Attachment parenting, that embattled child-rearing philosophy, has been in the news a lot lately. From Peaches Geldof, an evangelical attachment mother who appears to have died of a heroin overdose, reportedly while caring for her 11-month-old son; to Alanis Morissette, who has long been a loud proponent of the parenting style; to Kourtney and Kim Kardashian, who recently identified themselves as attachment moms despite small armies of staff, attachment parenting seems to be emerging as the antidote to spoiled celebrity mom syndrome. Declaring that you have had a custom bed built to co-sleep your family of eight, as Angelina Jolie once did, would seem to dispel any notions that you might occasionally do something selfish such as taking a shower or answering the phone.
But attachment parenting taken to extremes is a pernicious influence on many new parents, because it places undue responsibility on the primary caregiver to be perfectly “present” at all times – an especially difficult proposition if you don’t have domestic staff at your disposal.
Child-centred parenting – its most extreme outgrowth – dictates that a mother (how many round-the-clock, on-demand breast-feeding fathers do you know?) must sublimate her own needs and wants by making the child the focus of her domestic universe. It involves a lot of breastfeeding, fractured co-sleeping, schlepping your kid around in a sling rather than a stroller, gazing into your baby’s eyes for hours on end and – out of necessity – not much else.
Attachment theory was pioneered in the 1950s by British psychoanalyst John Bowlby, and popularized in the 1970s by Mary Ainsworth. It essentially holds that early bonding with a primary caregiver ensures a child’s emotional stability later in life. It’s not some crazy hippie notion, but the basis of what most of us accept as the foundation of modern psychology, as well as good parenting. I have read Bowlby and Ainsworth and at no point do either of them say your baby is going to end up an ambivalently attached felon if you feel the need to put him in a bouncy chair while returning your e-mail.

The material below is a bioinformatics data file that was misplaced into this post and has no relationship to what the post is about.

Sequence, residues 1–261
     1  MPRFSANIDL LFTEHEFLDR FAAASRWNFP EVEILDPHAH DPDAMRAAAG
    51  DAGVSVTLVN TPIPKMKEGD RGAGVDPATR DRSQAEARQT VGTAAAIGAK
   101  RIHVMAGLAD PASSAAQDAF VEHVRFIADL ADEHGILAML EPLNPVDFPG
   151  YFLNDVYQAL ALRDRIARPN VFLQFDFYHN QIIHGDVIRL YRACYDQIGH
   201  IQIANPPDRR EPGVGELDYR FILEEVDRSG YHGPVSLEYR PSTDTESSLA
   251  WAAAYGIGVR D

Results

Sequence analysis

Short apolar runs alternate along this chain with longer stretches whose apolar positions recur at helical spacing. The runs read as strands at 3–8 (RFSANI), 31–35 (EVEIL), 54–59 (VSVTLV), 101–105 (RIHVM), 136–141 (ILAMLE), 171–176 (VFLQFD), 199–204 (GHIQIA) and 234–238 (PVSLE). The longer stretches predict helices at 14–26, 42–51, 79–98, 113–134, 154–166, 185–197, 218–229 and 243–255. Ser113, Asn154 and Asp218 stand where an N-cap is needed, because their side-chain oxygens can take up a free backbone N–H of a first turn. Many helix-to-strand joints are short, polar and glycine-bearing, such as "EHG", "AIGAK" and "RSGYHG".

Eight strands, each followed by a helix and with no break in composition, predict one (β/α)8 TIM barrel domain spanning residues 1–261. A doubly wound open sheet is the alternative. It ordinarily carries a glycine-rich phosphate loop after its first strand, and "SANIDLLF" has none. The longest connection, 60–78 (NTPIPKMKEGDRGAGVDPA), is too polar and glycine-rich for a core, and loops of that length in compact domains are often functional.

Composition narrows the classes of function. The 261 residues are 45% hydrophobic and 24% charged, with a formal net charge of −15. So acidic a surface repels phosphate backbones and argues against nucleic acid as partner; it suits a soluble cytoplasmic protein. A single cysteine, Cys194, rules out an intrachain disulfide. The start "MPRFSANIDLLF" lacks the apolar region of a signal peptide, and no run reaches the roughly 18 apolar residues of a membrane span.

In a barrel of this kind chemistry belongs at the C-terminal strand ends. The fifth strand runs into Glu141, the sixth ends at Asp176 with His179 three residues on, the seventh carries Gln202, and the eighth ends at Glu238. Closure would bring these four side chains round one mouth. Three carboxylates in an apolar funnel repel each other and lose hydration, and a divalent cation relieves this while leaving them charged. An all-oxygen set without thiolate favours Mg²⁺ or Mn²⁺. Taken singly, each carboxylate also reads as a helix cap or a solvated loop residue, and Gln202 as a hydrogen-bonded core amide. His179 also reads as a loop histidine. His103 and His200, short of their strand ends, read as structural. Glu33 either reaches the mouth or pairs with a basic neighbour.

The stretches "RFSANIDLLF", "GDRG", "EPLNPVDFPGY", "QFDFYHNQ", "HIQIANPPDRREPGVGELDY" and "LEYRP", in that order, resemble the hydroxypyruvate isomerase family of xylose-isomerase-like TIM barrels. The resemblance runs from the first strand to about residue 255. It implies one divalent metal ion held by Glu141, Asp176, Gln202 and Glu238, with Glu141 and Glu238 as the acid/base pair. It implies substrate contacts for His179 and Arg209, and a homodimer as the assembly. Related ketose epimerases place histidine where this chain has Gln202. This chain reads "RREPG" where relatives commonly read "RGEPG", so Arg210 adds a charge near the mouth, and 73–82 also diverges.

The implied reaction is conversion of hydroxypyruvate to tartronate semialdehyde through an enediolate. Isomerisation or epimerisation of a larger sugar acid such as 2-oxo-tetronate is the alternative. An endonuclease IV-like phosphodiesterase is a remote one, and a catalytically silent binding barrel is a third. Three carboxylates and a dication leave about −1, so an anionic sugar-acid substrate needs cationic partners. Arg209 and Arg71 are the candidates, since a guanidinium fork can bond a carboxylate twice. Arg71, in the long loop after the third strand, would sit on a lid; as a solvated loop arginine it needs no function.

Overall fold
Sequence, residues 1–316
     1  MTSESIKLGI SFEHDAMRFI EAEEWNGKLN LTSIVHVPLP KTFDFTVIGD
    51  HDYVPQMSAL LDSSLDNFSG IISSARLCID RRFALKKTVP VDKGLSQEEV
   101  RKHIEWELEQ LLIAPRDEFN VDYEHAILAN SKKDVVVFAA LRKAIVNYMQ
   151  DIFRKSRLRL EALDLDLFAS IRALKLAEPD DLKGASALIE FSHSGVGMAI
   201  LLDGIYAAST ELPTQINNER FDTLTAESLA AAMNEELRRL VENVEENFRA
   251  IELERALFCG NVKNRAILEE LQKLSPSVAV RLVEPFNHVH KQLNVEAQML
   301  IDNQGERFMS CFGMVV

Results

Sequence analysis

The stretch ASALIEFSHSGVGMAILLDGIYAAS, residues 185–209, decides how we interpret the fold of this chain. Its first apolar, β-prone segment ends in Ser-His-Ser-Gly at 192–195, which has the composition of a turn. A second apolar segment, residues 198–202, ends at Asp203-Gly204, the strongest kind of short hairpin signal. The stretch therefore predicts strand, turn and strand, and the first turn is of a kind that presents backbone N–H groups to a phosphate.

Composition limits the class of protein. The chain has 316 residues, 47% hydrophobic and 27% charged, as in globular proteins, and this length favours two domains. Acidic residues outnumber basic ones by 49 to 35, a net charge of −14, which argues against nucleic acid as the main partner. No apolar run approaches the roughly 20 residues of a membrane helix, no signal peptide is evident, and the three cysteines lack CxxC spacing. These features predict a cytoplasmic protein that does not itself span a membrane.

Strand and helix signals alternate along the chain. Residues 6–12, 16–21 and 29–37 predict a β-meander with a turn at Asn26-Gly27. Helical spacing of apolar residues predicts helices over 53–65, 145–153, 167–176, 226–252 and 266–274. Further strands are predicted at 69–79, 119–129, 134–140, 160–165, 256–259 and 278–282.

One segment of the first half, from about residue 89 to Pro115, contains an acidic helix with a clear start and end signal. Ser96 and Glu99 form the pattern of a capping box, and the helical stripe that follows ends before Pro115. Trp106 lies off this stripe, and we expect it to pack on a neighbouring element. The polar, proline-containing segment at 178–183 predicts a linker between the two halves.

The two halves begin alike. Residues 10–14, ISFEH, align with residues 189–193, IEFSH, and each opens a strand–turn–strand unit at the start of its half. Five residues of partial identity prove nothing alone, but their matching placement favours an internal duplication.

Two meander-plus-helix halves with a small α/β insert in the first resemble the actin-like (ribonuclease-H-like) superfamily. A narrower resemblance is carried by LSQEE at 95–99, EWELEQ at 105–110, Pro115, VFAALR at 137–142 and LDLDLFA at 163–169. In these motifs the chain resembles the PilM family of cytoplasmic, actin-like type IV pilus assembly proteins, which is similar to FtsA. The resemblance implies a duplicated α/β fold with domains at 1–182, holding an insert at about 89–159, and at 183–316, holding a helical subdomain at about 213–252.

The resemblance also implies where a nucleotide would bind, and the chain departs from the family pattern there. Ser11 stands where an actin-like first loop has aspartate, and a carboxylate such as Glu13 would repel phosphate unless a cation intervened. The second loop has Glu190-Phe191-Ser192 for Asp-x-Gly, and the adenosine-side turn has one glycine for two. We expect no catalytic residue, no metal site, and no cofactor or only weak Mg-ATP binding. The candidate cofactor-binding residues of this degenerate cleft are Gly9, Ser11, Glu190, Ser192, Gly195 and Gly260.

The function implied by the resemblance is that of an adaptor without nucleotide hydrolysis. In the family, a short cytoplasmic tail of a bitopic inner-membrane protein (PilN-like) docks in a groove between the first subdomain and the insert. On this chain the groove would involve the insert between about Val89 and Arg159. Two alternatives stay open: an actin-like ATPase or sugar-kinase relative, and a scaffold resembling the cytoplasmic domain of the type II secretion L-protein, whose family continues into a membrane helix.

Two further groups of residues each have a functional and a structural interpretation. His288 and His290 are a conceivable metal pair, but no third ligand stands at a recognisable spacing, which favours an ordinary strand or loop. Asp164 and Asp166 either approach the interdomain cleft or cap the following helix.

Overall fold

The problem is that a number of lifestyle zealots have taken this very sensible theory and perverted it into an impractical, competitive practice in which new mothers are expected to completely ignore their own needs to attend to those of their child because it’s “more natural that way.” The resulting parenting style is every bit as exhausting and booby-trapped for failure as following Gina Ford’s hyper-scheduled, 15-minute baby-boot-camp regimen outlined in The Contented Little Baby Book (or as I like to call, it The Miserable Big Fat Mommy Book.)
It’s important to bring some moderation to the debate. After I had my son I quickly realized that I was neither content to order my entire existence around his often irrational needs, nor was I inclined (or organized enough) to stick to a schedule (many “child-centred” attachment parents don’t believe in schedules for babies, unless the baby dictates the schedule).
I took what I needed from attachment parenting and discarded what didn’t work for me – a practice I like to think of as semi-detached parenting. For example, I breast-fed my son longer than the average, but always put him to sleep in his own bed. I was attached in the ways that worked for me, but I detached when I needed to be – for my own mental and emotional well-being (the need to sleep, for example).
Here then, to offset the scourge of hard-core, celebrity-touted attachment parenting, are the basic tenants of semi-detachment parenting:
1. Mother like a good father
“Think like a dad,” was the best advice my mother gave me. What she meant was: Don’t be a perfectionist. Don’t feel guilty about prioritizing your own work or fun once in a while. Great dads do all these things and no one seems to mind, least of all good dads themselves.
2. Be wary of your natural instincts
Many new parents are prone to thinking with a cognitive bias – that is, doing what they feel in their gut is right, as opposed to what the facts tell them is true. An example of this is holding off on vaccinating your children because you “feel funny” about it, despite the clear and proven benefits of mass immunization. Or never letting anyone else hold or feed your baby because it “doesn’t feel right.” I’m all for maternal instincts, but sometimes it’s necessary to override these feelings with rational facts. Protective urges are natural, but they’re not always right, or even safe.
3. Don’t be a martyr
In family life, martyrdom tends to have the opposite effect of what is intended. Instead of making your loved ones appreciate your efforts, it makes them feel guilty and resentful. If you need help, ask for it. If you feel unappreciated, say so.
4. If you feel like you’re losing it, you probably are
If you’re weeping with frustration when the toast burns or beginning to suspect your baby is a squawking troll sent from another planet to ruin your life, see your doctor. As the flight attendants say: Put on your oxygen mask first, then your child’s. Sometimes real attachment requires a certain amount of healthy detachment.
Special to The Globe and Mail